Chavez suffered minor scrapes and cuts, but Toyne suffered serious internal injuries and several broken bones, police said.

    Both were hospitalized for treatment.

    Toyne was in serious but stable condition Thursday, police said.

    Chavez will be arrested when he's released from the hospital, police said.

    He is suspected of driving while intoxicated resulting in serious bodily injury, resisting law enforcement with a vehicle resulting in serious bodily injury and reckless driving with serious bodily injury, police said.

    Main Street near Five Points wasclosed for about two hours while officers investigated the crash, according to alerts published by Lafayette police early Thursday.

    Reach Ron Wilkins at 765-420-5231 or at Follow on Twitter: @RonWilkins2.

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    Biker and passenger injured in early morning crash near Five Points - Journal & Courier

    Im worried that my neighbours extension will damage our retaining wall. What can I do? – The Irish Times - August 16, 2020 by Mr HomeBuilder

    I share an elevated boundary with my neighbour who subsequently applied for planning permission to extend and excavate part of my retaining walls and earthen support verges.

    In lodging a planning observation, I anticipated the planner might have addressed some protections or inserted conditions cognisant of my rights of support, or at the very least cautioned against interference citing the risk of collapse with any disturbances to be made good. I was shocked to find that these potential concerns were ignored. Subsequently, many irregularities have surfaced, which I believe should render the entire grant void.

    How successful might this approach be with An Bord Pleanla, and what exhibits should I include as a lay person?

    It is understandable that you are concerned as you believe that part of your retaining walls and earthen support verges will be removed. However, the planning process deals with planning-related matters only and may not address such details. Details of structural issues are generally a matter for the applicant and his/her engineer or building surveyor, and boundary issues are a matter for the applicant and his/her neighbour.

    I assume that there is a wall along your boundary. It is likely therefore that the legal boundary runs along the centre of this wall. Its not clear if the support structures you refer to are on your side of the boundary or if they are on your neighbours side, but you refer to them as yours as they provide support to your shared boundary wall. If they are on your neighbours side, he/she would be entitled to remove them but is obliged to replace them with an equally stable support structure.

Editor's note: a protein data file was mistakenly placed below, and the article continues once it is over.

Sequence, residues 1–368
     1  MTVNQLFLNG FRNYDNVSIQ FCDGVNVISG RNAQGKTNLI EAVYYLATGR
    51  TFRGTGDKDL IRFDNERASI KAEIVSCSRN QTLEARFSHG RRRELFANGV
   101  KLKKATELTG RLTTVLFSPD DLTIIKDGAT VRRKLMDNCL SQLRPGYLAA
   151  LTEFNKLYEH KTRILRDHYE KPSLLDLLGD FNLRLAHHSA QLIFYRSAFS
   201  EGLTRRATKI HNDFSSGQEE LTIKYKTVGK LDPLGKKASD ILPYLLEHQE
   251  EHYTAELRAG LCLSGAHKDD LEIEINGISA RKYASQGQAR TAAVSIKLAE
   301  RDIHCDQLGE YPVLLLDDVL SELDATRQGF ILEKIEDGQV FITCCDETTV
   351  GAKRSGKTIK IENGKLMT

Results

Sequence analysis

The details should be formally agreed in advance and when completed, would require certification by a chartered building surveyor or engineer. If the support structures are on your side, your neighbours proposed development would be encroaching on your property. The planning application form requests the applicant to state that he/she is the owner of the entire subject property, and if not, to provide evidence of consent of the owner of other property included in the application.

    The planning process does not seek to verify the ownership information provided. It appears that your neighbour did not get your consent to encroach on to your property. Irrespective of the outcome of the planning application, whether at planning authority stage or on appeal to Bord Pleanla, your neighbour cannot encroach on, or interfere with your property without your consent. Your neighbour should bear the cost involved in relation to the boundary, irrespective of which side the support structures are located, as he/she has instigated the development.

    An appeal to Bord Pleanla must be within the four-week time limit. I suggest that you engage a chartered planning and development surveyor or planning consultant and provide them with the relevant information, required for appeal.

    These include the planning file reference number; addresses of both properties; name of planning authority; copy of acknowledgement of receipt of your submission to the planning authority; a plan outlining the existing situation with the legal boundary clearly marked and also indicating the support walls and earth bank; a plan indicating the extent of your neighbours proposal, also with the location of the legal boundary clearly marked; a written statement outlining your case and, if relevant, confirming if the information concerning ownership in the original application is incorrect; and photographs, preferably from an elevated position.